Radiocat in Springfield
We don’t use the word breakthrough lightly. But consider the following facts about Radioiodine treatment:
- It’s the only method that consistently eliminates thyroid tumors.
- It’s more cost-effective than drugs or surgery.
- There are no harmful side effects.
- There is no tissue or organ damage – including the parathyroid glands.
- There is no damage to healthy thyroid tissue.
- There is no anesthesia required.
- There is no daily pilling.
- It destroys thyroid tumors wherever they are located.
- It returns thyroid function to normal usually within one month.
Compare I-131 Treatment With Its Alternatives
|Destroys all the thyroid tumor|
|No harmful side effects|
|Possible post-operative complications|
|After surgeries, may require I-131|
|Requires daily pilling|
|Can have harmful side effects|
|Can become ineffective over time|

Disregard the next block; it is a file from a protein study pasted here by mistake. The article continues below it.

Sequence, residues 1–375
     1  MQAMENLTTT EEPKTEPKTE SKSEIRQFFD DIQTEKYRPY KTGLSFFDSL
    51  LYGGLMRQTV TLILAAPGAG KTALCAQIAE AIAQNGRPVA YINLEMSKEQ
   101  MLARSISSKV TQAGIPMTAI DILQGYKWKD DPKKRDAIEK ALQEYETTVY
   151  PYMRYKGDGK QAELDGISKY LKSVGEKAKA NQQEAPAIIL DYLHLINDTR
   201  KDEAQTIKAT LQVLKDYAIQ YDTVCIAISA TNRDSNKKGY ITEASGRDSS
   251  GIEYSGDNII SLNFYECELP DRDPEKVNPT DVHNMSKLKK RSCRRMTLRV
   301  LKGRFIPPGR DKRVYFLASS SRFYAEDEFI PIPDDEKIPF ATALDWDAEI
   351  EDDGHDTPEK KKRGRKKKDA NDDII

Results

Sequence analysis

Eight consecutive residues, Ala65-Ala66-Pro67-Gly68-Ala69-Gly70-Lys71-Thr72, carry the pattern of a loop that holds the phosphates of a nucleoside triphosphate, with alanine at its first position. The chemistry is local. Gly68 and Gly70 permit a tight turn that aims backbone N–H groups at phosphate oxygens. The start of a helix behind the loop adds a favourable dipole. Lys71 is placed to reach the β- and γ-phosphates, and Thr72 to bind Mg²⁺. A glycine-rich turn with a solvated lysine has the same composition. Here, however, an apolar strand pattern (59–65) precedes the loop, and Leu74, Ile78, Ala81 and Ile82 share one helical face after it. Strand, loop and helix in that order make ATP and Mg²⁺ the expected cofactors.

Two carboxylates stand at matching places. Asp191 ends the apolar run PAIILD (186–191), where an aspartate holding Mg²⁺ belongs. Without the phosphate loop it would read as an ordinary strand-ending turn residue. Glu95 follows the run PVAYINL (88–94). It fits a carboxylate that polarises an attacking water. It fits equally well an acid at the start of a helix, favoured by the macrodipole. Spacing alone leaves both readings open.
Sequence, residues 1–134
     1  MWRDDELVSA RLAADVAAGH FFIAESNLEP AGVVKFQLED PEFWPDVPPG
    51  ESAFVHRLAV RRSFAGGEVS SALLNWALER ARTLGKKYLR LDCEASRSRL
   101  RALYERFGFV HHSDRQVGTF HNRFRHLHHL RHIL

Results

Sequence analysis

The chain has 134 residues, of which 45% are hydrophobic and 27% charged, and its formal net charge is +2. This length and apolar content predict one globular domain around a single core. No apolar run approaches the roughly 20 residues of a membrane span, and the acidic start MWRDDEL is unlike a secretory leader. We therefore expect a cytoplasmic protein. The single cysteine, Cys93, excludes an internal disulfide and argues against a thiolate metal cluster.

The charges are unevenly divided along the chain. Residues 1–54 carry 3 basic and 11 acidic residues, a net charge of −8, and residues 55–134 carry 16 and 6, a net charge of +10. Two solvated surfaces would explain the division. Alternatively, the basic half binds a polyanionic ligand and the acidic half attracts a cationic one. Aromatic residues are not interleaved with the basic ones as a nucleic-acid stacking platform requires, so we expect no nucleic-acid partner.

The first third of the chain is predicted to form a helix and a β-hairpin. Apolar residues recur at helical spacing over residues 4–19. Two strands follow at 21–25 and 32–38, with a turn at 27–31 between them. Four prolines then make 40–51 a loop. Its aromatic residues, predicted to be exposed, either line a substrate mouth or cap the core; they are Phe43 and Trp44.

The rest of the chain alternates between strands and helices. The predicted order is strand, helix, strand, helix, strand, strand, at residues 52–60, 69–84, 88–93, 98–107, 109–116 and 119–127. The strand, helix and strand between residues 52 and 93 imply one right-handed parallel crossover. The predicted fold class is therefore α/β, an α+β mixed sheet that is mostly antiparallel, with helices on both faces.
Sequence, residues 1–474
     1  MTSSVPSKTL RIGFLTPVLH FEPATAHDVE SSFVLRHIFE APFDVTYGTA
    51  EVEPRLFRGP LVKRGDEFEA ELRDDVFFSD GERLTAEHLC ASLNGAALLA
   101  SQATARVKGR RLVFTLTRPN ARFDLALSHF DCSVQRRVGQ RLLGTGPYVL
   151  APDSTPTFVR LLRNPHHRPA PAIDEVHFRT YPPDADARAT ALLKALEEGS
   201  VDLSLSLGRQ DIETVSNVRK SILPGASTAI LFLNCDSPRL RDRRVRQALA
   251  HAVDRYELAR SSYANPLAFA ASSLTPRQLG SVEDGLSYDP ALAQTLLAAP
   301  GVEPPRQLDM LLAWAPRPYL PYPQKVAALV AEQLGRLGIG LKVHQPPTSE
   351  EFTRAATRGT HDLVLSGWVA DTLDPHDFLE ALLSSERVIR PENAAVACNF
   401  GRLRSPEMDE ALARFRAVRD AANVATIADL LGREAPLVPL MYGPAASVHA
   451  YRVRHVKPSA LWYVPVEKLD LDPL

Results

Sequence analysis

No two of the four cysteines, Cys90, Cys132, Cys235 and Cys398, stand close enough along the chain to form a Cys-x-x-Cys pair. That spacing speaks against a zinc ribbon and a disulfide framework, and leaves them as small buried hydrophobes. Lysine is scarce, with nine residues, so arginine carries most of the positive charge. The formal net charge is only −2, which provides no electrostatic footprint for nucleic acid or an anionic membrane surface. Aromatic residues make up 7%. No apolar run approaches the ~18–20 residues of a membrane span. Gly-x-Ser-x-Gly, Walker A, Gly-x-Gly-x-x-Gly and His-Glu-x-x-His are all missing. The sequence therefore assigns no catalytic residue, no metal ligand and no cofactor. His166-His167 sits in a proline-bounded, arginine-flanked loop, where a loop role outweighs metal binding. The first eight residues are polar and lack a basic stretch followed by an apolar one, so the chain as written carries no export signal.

|Does not stop tumor growth|
|Requires repeated blood work|
|Unproven over time|
|Cannot supplement diet with any treats or other foods|
|Inappropriate for outdoor cats or multiple cat households|
I-131 Therapy Alternatives
As you can see from the information below, Radioiodine therapy is the clear treatment of choice and the only consistent cure for Feline Hyperthyroidism.
- Medical Therapies
Does not cure the disease or kill the thyroid tumors; in fact, the tumor can keep growing, making medical management less and less effective. Causes harmful side effects like nausea, vomiting, lethargy, lack of appetite and hair loss/facial scabbing. Causes loss of vital white blood cells and blood clotting abilities. Causes long-term damage to liver and kidneys. Damages owner-pet relationship by requiring pilling, 1-3 times daily. Increases the need for blood tests to monitor thyroid hormone levels and potential side effects. Costs $250-$700 per year, for the rest of your cat’s life.
- Surgical Therapy Requires anesthesia. May damage parathyroid glands. Creates difficulty in identifying/removing the entire tumor. Leads to persistence of Hyperthyroidism post-surgery (80% of cases already have another tumor on the opposite side that will become clinically significant within 1.5 years). Costs $1500-$2000 for one surgery. Is often performed in two surgeries. Leaves thyroid tissue in the chest where the tumor can recur. Leaves many cats still needing I-131 therapy, even after undergoing one or more surgeries.